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Budapest Royal Palace (Királyi Palota, Budavári Palota)

This was the residence of Hungarian kings in Budapest. In the past it was also called Royal Castle. The Royal Palace was built on the southern tip of Castle Hill, next to the Budapest Castle District. There is restored lower part of the original Medieval Royal Chapel near the Palace. Underground dungeons and other displays can be visited.

History of the Royal Palace
The fortification system and palace were built in the 13th century after the Mongol invasion. The Renaissance structures – built on medieval foundations – were destroyed by the Turks. Later, the Baroque Palace burned down, its reconstructed buildings were damaged during the War of Independence (1848-49). Renovation followed in the 19th century led by Miklós Ybl, the famous architect. The enlarged Palace was completed in neo-Baroque style by Alajos Hauszmann.

Interior of the Royal Palace
Inside the Royal Palace about 200 m long series of Baroque-style rooms await the visitor. We can wander through these elegant halls: the Ballroom, St. Sigismund Chapel, Palatinal Crypt, Great Ballroom, Main Staircase and the Habsburg Room.

Historical Museum of Budapest (Budapesti Történeti Múzeum)
The museum is located in the southern wing of the Palace. It presents the history of Budapest on 4 floors from the beginnings until the end of the Communist era. Permanent exhibitions give an insight into ancient cultures of the area, Medieval Royal Palace, Budapest in the Middle Ages, Budapest in the Modern Age. Temporary exhibitions are also held here. For more information on opening hours and ticket prices please visit:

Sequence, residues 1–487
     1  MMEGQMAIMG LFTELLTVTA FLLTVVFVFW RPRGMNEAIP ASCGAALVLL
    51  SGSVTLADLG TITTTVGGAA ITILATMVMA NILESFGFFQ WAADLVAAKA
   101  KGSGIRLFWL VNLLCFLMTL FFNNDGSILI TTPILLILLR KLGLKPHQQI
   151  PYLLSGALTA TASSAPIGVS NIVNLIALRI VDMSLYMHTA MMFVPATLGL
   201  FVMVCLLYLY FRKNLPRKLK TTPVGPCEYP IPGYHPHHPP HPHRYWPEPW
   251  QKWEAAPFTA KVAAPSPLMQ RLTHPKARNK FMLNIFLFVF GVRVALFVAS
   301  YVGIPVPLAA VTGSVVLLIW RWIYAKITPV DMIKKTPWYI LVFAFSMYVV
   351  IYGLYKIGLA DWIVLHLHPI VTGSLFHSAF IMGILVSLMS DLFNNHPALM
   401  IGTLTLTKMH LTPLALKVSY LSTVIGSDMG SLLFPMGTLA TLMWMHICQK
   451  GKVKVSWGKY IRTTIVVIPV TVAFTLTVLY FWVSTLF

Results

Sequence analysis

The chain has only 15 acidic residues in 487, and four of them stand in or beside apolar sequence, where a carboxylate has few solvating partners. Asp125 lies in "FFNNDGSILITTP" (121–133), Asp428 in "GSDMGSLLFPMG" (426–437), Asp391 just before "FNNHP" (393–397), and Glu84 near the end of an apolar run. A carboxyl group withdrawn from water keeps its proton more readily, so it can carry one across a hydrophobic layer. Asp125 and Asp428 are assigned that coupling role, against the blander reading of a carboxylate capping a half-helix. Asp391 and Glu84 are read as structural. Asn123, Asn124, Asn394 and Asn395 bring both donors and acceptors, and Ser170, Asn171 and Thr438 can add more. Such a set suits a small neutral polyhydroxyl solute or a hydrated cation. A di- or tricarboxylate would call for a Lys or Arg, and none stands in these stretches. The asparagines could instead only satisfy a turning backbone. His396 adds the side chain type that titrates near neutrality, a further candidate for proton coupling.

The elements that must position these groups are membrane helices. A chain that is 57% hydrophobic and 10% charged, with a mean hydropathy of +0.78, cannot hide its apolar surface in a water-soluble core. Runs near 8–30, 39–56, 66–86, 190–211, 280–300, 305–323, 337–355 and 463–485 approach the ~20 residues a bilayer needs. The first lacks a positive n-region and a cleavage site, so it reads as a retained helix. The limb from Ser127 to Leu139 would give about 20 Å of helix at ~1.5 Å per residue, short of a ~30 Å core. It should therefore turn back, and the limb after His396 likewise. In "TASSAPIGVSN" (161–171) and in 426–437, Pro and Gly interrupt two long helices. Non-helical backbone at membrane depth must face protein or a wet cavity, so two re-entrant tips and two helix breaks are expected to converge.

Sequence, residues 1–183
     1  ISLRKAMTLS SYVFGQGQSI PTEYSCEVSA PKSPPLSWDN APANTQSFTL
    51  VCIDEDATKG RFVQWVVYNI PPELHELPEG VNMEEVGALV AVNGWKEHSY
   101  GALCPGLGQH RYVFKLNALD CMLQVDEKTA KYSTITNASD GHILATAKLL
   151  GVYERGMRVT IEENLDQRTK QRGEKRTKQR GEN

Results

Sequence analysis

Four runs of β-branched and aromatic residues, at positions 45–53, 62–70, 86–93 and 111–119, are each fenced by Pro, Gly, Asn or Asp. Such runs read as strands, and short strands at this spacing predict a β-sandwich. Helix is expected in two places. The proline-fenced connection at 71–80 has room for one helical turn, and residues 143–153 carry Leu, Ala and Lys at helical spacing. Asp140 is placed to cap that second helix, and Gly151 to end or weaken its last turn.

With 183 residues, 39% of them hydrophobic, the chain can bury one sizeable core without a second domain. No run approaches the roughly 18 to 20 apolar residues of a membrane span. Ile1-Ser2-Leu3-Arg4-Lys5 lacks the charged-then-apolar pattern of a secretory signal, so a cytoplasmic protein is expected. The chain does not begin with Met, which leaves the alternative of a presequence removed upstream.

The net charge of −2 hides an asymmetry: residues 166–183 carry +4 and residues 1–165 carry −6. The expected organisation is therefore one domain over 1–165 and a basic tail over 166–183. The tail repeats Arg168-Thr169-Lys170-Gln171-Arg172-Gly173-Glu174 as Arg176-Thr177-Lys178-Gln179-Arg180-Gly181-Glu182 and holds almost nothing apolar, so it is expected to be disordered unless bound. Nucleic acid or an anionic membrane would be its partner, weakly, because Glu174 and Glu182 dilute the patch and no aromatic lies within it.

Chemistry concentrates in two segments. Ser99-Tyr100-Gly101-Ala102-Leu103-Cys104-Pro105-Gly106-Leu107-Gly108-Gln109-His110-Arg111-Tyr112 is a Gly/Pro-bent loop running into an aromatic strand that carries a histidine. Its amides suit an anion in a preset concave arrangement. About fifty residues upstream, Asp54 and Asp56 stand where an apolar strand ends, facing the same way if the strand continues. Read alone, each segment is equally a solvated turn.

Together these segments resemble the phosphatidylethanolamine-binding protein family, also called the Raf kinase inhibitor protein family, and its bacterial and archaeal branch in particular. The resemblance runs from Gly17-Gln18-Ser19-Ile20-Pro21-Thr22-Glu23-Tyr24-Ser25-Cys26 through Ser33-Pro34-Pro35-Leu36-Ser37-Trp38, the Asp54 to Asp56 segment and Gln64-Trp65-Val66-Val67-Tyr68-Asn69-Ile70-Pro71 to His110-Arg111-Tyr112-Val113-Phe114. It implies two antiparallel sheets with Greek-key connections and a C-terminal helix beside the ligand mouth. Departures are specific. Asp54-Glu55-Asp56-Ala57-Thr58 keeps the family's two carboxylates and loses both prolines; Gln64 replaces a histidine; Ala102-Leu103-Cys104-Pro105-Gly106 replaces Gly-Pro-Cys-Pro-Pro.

Hungarian National Gallery (Magyar Nemzeti Galéria)
The gallery is the national art museum. Its collections cover Hungarian art. The exhibitions are divided into 6 sections from medieval gothic statues through renaissance and baroque arts to contemporary artistic works. More information on collections, exhibitions and opening hours:

Contemporary art Museum (Ludwig Múzeum)
This is the only museum of contemporary art in Hungary to collect international art. The 3-storeyed building has a 3300 m² exhibition space furnished in modern technological circumstances. On the first floor temporary exhibitions are presented, while the upper two floors contain the museum’s permanent collection.

National Széchenyi Library (Országos Széchenyi Könyvtár)
Count Ferenc Széchenyi founded the library in 1802. The Hungarian aristocrat traveled the world buying Hungarian books, which he donated to the nation. Later the public library was opened. Since then it has been operating as a national depository for written, printed and objective relics of the Hungarian past. Opening hours: Tuesday-Saturday 10.00-20.00.

Getting to Budapest Royal Palace
The Budapest Royal Palace is located in the Budapest Castle District on the southwestern site of the Danube on the Buda Hills. The Cable Car (Sikló) from Clark Ádám tér at the Buda end of the Chain Bridge (Lánchíd) stops right at the castle. The track (100 m) takes about 10 minutes.
The Castle bus (Várbusz) departs every few minutes from Moszkva tér (reached by M2, red subway line or tram 4, 6).